By Vishani Ragobeer
In September 2020, when the results of the 2020 Caribbean Secondary Education Certificate (CSEC) examinations were released, students attending the Port Kaituma Secondary School in Region One (Barima-Waini) saw that they were “ungraded” for Mathematics, English and Principles of Business.
Given the importance of Mathematics and English and generally, the sinking feeling that accompanies an “ungraded” mark, the students were distressed. Like many of their colleagues in Guyana and throughout the Caribbean, they knew that they deserved a better grade and as such, they engaged the local Education Ministry in lobbying the Caribbean Examinations Council (CXC) to review these discrepancies.
Months later, this entire review process has not been completed but scores of students have received better grades, or, at least, the grades they knew they worked for all the while. One such student is Keron Williams, a former student of the Port Kaituma Secondary school, who has emerged as the top hinterland student.
On Wednesday, while announcing the results of the 2020 CXC Examinations, Minister of Education, Priya Manickchand, highlighted that Williams scored nine grade one passes and three grade two passes and that he had topped Region One. With his grades, he also emerged as the top student from among the four hinterland regions (Regions One, Seven, Eight and Nine).
“While I was watching the (livestream) that the Ministry of Education was doing, I was just looking at it and not expecting anything or so and then I just heard my name… At that moment, I was just looking at the screen and wondering if it was me,” Williams told the News Room via a Zoom interview on Wednesday night.
Upon realising that he was the region’s top student, the young man said that he felt a sense of elation but more importantly, a sense of vindication following the discrepancies the students of his school faced when they first received their results.
He recalled that it was about 20:00 hrs one night when he and his colleagues were anxiously waiting to check their results online.
“I saw messages coming in our Grade 11 WhatsApp group saying ‘I got ungraded for Maths and English’ and I thought that was a one-person thing and that could be fixed but then I logged into my CXC account for my results and I saw ‘Ungraded’ for Maths and English and I messaged in the group and everybody had ungraded for Maths and English,” he recounted.
From that moment, he said that a host of emotions washed over him – worry, confusion and frustration. He, and many of his colleagues, questioned what they did wrong that resulted in them receiving this grade.
“Thankfully,” he said, “(the results) did come back and most people got results that they were happy with.”
It was also a greater sense of vindication for him since he set out to show that hinterland students are capable of excelling at CSEC, despite the challenges they are confronted with. It is, for this reason, Williams said he opted to write 12 subjects although his school was only offering eight.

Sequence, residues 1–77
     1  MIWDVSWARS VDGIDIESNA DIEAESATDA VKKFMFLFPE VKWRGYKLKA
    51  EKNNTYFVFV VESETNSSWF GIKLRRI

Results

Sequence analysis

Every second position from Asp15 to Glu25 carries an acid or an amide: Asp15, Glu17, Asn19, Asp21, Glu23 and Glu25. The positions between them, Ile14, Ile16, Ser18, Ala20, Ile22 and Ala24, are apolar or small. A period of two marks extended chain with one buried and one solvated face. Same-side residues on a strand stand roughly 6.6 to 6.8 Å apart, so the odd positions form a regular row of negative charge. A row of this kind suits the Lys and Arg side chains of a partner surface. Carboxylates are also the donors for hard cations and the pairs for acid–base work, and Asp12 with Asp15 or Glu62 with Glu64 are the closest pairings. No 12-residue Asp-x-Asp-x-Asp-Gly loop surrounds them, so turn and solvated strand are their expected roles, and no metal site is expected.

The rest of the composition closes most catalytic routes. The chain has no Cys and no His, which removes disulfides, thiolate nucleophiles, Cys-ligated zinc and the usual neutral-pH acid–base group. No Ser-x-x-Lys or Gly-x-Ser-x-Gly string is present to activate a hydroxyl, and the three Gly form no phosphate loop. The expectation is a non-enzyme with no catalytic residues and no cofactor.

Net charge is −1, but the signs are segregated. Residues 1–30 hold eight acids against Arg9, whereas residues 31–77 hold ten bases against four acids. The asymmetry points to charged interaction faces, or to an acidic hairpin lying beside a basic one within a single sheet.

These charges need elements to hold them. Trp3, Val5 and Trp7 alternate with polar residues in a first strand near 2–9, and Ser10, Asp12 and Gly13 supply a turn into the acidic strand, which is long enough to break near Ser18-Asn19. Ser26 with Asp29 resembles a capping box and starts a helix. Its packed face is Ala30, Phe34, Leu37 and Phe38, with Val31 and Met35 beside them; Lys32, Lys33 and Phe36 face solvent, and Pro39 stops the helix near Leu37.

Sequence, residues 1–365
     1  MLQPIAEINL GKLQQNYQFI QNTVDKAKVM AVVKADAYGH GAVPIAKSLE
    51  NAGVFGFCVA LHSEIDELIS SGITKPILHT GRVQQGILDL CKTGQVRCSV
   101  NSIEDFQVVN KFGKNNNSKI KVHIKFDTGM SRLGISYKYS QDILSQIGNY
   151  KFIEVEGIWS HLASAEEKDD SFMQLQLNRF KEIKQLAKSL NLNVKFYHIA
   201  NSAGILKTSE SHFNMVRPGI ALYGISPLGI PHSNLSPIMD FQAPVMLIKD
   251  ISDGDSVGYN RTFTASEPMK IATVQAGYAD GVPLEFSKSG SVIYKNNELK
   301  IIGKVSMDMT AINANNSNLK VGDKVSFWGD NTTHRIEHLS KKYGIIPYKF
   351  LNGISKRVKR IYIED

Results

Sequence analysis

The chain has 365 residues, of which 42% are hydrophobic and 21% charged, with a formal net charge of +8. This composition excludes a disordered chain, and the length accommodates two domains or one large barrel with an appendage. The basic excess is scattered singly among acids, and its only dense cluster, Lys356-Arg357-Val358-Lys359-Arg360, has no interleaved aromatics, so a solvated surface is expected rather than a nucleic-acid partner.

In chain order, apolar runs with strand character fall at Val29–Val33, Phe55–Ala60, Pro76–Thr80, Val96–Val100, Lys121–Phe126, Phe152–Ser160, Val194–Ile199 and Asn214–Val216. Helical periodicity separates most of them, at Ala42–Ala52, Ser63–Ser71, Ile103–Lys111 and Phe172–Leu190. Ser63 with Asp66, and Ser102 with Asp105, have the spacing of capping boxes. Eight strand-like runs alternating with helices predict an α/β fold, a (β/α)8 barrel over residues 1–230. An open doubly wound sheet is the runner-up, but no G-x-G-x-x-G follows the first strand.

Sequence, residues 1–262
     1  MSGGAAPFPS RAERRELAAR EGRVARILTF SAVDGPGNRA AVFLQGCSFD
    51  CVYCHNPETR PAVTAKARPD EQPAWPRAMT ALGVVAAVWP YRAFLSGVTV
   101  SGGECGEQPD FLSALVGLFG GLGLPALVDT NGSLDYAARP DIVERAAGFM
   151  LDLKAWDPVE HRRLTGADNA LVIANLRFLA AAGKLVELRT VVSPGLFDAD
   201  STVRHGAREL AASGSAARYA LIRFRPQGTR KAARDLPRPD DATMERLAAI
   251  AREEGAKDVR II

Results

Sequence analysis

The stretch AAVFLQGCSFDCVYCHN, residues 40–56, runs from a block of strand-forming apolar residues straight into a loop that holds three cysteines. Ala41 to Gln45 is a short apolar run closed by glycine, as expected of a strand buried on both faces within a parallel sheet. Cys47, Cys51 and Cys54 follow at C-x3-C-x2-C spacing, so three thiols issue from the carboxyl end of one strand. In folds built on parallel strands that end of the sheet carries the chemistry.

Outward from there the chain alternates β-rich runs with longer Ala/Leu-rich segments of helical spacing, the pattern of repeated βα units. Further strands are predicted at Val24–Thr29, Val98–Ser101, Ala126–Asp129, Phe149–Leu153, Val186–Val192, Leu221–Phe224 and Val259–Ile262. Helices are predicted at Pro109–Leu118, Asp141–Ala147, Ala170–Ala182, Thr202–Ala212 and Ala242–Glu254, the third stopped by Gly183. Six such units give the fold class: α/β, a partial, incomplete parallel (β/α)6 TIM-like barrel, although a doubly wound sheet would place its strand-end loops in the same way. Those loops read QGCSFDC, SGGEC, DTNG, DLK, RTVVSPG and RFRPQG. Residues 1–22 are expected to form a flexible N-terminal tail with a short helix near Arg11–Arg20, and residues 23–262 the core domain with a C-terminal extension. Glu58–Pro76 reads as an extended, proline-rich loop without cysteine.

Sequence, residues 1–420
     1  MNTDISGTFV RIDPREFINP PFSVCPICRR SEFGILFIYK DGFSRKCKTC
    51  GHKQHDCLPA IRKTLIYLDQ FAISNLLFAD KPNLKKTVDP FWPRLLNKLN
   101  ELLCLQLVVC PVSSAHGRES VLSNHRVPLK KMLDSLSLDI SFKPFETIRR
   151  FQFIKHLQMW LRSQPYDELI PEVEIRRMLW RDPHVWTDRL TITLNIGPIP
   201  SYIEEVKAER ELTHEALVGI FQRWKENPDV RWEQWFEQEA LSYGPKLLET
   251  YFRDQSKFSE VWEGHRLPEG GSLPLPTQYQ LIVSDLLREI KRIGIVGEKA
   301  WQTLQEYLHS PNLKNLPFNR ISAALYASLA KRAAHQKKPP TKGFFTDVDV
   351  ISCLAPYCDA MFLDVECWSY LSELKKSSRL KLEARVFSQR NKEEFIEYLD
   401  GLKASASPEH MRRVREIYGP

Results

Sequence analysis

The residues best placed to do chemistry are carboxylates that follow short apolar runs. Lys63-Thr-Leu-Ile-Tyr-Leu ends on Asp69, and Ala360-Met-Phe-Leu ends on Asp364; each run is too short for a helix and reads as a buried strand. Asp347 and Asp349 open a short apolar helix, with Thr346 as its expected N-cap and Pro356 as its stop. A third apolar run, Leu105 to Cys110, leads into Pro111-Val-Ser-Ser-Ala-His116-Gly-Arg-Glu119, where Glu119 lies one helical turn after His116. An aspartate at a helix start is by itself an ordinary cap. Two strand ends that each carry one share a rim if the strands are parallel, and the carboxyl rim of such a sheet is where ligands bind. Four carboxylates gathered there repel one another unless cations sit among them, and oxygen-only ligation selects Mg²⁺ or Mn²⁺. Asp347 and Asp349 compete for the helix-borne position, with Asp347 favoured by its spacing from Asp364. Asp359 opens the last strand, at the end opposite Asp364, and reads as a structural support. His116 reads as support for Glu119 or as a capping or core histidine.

“People think that in the hinterland region that they can’t perform well and that the secondary schools there are not successful every year at CSEC. I am trying to change that and show that hinterland students have the ability and they also have the same knowledge and the same abilities as (students) out there (on the coast) have,” Williams emphasised.
Proving this was no easy task, however. And it was a feat exacerbated by the onset of the COVID-19 pandemic.
In March 2020, Guyana recorded its first COVID-19 infection. Thereafter, schools closed and learning shifted to the virtual platform.
Williams related that his Grade 11 class had not yet completed their learning and preparation for the CSEC examinations when the pandemic struck. While many students shifted to online learning, that was a challenge for students in Region One since internet connectivity is often poor.
Still, he said that he and his colleagues persevered – studying from their textbooks and helping each other out. Now that he has accomplished what he set out to do, Williams said that his next goal is to become a medical doctor. Already, he has received a scholarship from the Ministry of Public Service and is pursuing an Associate’s Degree in Biology, at the University of Guyana (UG), before he can enter Medical School.
In addition to Williams, the other top students for the hinterland regions are: Ackeem Williams from the Three Miles Secondary School In Region Seven (Cuyuni-Mazaruni), who scored six grade one passes and four grade two passes; Laura Carvalho from the Paramakatoi Secondary School in Region Eight (Potaro-Siparuni), who scored five grade two passes and two grade three passes; and, Ashley Rodrigues from the St. Ignatius Secondary school in Region Nine (Upper Takutu-Upper Essequibo) who scored seven grade one passes and three grade three passes.